Another Stephen King adaptation has made its way to theaters, inviting audiences once again to the wonderful state of Maine.
“Pet Sematary” is the second adaptation of the King novel, the other releasing in 1989. This film, directed by Kevin Kolsch and Dennis Widmyer, shares some similarities as the film and novel, while also featuring a few differences. Jason Clarke plays the main character Louis here, a doctor and father in a family of four who are relocating from Boston to rural Maine.
The rest of the family consists of Rachel (Amy Seimetz), Ellie (Jete Laurence) and Gage (Hugo Lavoie). Upon arriving, the family settles in fairly well to their new rural community. The family, by introduction from their neighbor Jud (John Lithgow), do soon learn that their property includes an odd cemetery for pets, though. The land is proven even more eerie after the family cat is killed by a truck and Jud reveals there are some areas where, if buried, dead creatures can be brought back.
“Pet Sematary” has some good things going for it in the first act but the film doesn’t finish as strong as one would hope. The movie does solid work introducing the ominous nature of the characters’ surroundings, with Louis having visions of a recently deceased man giving him warnings while Ellie and Rachel see a creepy ceremony at the Pet Sematary.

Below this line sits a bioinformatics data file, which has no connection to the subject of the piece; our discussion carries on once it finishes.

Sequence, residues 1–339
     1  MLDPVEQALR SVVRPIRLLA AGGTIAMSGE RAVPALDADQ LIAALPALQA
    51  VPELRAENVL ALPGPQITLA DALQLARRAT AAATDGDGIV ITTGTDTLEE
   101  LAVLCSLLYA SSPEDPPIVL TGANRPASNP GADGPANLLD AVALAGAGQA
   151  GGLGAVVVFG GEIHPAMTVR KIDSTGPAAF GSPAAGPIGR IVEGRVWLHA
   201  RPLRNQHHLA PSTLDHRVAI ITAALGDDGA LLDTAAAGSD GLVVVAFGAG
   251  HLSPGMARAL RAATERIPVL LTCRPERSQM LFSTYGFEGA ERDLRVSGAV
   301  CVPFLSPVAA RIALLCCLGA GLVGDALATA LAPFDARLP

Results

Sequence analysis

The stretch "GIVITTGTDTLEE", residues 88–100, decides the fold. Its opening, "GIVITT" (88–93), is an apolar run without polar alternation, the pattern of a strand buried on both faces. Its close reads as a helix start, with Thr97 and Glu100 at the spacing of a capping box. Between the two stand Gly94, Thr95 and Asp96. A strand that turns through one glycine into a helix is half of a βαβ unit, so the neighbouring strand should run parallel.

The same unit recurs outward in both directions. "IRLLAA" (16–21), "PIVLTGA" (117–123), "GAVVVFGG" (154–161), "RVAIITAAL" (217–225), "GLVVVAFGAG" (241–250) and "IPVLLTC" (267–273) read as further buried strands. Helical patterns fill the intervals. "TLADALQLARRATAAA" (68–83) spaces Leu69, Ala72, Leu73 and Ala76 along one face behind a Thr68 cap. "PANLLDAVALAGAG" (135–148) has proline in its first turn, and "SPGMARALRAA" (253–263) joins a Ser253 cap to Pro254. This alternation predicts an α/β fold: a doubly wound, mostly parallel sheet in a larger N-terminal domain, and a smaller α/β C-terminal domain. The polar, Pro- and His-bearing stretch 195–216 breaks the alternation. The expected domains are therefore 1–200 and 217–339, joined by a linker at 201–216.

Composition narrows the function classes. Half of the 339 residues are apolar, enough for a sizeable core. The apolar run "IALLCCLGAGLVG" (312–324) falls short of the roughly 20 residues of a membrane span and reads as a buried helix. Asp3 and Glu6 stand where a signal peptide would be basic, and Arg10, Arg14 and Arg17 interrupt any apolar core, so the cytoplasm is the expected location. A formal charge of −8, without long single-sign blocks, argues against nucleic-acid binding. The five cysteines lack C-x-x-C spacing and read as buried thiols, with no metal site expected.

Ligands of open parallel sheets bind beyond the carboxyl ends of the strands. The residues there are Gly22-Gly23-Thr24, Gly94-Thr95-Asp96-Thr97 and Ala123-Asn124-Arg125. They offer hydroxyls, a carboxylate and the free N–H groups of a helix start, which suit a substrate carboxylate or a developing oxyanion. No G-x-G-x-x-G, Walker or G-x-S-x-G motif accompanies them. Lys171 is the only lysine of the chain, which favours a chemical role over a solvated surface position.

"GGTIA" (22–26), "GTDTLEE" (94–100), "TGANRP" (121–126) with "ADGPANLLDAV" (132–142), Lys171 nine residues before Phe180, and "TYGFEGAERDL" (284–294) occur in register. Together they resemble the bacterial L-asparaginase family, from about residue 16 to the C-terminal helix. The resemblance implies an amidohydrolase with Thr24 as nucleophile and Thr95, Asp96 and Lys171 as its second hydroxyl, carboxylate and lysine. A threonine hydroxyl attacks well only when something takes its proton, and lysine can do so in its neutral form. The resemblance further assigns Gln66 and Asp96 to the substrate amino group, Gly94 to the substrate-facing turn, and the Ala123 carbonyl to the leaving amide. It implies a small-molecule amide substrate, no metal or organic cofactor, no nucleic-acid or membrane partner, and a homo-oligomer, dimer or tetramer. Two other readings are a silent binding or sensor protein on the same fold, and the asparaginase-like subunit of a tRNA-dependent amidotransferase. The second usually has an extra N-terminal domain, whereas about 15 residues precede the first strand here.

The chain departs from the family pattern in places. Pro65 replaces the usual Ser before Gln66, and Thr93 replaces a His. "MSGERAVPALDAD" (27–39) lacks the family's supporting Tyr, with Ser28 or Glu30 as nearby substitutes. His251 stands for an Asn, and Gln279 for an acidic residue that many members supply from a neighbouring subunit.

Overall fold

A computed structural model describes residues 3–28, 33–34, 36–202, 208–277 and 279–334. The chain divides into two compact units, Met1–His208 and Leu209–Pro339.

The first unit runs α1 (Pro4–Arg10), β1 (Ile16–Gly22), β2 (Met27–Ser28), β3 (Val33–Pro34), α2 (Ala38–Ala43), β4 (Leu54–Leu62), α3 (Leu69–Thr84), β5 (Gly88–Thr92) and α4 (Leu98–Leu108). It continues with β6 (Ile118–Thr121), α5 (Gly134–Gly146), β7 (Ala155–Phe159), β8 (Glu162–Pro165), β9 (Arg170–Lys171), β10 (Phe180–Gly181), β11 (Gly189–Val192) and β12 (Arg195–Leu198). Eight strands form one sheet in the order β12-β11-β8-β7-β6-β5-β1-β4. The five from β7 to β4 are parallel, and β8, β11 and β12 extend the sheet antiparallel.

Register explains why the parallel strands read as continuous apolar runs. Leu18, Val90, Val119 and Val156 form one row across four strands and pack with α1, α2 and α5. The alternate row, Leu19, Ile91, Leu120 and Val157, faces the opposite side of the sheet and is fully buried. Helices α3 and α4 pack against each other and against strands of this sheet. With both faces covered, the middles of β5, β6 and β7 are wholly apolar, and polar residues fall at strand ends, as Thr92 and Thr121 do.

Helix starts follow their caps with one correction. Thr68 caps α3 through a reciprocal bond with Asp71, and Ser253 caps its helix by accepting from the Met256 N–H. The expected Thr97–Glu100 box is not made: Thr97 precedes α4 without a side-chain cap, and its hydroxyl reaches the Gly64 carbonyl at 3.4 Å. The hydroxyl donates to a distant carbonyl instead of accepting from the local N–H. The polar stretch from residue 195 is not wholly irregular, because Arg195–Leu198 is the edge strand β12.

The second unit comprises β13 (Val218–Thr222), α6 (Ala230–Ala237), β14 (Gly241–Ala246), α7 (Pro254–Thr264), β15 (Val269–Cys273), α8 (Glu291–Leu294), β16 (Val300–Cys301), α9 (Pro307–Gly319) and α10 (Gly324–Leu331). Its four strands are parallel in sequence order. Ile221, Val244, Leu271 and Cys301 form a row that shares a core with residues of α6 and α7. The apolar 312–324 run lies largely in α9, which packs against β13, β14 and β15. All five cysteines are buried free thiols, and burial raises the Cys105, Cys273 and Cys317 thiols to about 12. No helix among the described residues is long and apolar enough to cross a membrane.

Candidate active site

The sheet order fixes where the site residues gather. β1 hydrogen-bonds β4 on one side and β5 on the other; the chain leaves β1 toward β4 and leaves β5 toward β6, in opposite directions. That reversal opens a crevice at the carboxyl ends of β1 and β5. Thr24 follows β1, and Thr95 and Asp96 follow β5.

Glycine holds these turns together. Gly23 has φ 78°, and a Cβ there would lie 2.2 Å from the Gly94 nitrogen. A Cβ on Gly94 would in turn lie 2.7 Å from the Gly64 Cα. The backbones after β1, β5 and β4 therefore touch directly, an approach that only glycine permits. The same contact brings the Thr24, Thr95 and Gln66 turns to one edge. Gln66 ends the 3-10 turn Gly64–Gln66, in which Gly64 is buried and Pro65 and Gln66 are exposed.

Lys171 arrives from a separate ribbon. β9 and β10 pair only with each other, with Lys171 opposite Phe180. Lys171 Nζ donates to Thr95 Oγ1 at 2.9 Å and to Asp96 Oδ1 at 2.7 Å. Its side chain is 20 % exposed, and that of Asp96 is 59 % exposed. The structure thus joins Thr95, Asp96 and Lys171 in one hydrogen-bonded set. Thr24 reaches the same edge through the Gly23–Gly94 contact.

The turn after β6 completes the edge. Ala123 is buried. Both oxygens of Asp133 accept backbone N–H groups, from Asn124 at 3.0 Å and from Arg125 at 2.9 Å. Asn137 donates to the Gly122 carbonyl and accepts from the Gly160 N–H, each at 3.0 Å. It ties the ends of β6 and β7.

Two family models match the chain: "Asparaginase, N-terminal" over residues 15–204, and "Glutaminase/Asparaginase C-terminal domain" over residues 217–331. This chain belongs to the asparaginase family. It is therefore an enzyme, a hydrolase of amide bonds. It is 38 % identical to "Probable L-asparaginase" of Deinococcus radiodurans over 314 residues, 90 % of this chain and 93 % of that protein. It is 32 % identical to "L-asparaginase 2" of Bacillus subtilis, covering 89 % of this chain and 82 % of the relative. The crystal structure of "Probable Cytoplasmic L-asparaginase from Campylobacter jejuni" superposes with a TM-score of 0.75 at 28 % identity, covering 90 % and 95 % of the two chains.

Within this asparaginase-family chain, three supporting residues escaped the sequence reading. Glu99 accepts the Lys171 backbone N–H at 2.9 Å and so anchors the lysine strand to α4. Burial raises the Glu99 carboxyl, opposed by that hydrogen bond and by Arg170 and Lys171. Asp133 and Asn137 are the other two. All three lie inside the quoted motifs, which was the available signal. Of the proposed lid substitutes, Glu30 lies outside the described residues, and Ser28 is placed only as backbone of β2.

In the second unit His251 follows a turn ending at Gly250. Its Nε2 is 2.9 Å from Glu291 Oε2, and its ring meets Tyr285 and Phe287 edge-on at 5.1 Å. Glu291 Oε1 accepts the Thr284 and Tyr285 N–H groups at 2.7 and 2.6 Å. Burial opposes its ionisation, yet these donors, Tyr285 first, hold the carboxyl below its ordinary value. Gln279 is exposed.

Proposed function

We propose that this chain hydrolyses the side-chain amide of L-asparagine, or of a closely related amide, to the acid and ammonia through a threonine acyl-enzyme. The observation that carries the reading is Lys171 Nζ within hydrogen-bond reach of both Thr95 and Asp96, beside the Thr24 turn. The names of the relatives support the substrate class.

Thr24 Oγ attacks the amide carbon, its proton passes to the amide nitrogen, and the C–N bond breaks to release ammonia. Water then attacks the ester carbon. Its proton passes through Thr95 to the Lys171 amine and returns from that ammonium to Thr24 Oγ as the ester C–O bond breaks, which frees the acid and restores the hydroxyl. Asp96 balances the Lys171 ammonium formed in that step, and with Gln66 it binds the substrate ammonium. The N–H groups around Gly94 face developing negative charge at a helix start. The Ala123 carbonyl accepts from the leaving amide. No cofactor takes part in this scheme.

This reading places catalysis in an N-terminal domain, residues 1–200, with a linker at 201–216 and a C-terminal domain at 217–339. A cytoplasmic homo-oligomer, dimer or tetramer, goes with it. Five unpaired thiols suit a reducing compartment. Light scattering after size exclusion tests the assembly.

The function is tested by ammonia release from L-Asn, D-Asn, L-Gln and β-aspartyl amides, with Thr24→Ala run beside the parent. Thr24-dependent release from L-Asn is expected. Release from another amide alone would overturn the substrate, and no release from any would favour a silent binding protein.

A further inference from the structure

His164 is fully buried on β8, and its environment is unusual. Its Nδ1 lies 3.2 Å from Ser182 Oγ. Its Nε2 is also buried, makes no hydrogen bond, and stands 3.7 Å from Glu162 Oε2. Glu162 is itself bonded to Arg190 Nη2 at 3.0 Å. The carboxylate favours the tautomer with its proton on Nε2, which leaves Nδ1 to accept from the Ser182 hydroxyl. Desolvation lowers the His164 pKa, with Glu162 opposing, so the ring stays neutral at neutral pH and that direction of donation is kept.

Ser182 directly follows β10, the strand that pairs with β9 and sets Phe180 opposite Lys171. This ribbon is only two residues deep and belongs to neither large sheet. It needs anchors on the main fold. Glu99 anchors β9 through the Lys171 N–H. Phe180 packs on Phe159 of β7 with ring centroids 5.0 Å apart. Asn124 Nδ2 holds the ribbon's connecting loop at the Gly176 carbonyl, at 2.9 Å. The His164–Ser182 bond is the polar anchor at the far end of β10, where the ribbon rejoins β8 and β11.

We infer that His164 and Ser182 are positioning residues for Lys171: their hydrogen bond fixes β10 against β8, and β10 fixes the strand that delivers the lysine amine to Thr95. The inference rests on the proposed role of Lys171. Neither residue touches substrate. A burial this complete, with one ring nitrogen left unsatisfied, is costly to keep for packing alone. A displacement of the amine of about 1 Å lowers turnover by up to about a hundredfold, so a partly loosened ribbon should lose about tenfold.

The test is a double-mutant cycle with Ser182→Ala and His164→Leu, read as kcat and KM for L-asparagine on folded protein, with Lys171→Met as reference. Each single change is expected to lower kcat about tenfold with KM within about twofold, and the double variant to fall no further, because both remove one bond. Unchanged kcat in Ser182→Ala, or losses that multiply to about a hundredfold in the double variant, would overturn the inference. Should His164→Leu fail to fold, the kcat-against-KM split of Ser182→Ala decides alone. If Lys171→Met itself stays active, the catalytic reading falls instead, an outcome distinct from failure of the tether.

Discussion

These sequences are put together nicely and it sets up a nice atmosphere, for an all around solid first act. But the film stumbles in the second act and ultimately has a third act that’s just OK.
There’s an accident occurring too late in the movie and the grieving process which follows comes across as rushed. While the accident leads to some interesting and disturbing sequences and concepts, they all happen so late and move too fast. One wishes this had been expanded for upon with more screentime to create a more psychological horror.
Speaking of horror, this movie does have one two many jump-scares. This is something harped on many times on this blog, but it’s deserved. Jump-scares just seem so unnecessary, especially ones in a story where the horror should come more from the cautionary tale its telling.
There’s one early on when the daughter Ellie is climbing up a structure in the woods and Jud suddenly appears and tells her to get down. It’s played as a jump-scare when it really wasn’t necessary, ultimately cheapening the experience.
There’s also a sublot with Rachel’s character that was in fact in the other adaptation, but it feels rather shoe-horned in here.
Despite the clunky story-telling, though, “Sematary” has pretty good performances. Jete Laurence deserves probably the most praise as she has some of the most important scenes later in the film. For a young actor she really pulls things off well.
Clarke, who’s always reliable, also does solid work here, by really portraying the multitude of emotions his character has to go through. Likewise, Lithgow deserves credit for a good performance as Jud, making the character his own rather than trying to recreate the previous version in the 80s adaptation.
“Pet Sematary” has frightening moments and some good performances, but the story execution never came together very well in this one and the number of jump-scares are excessive. 2.85 out of 5.
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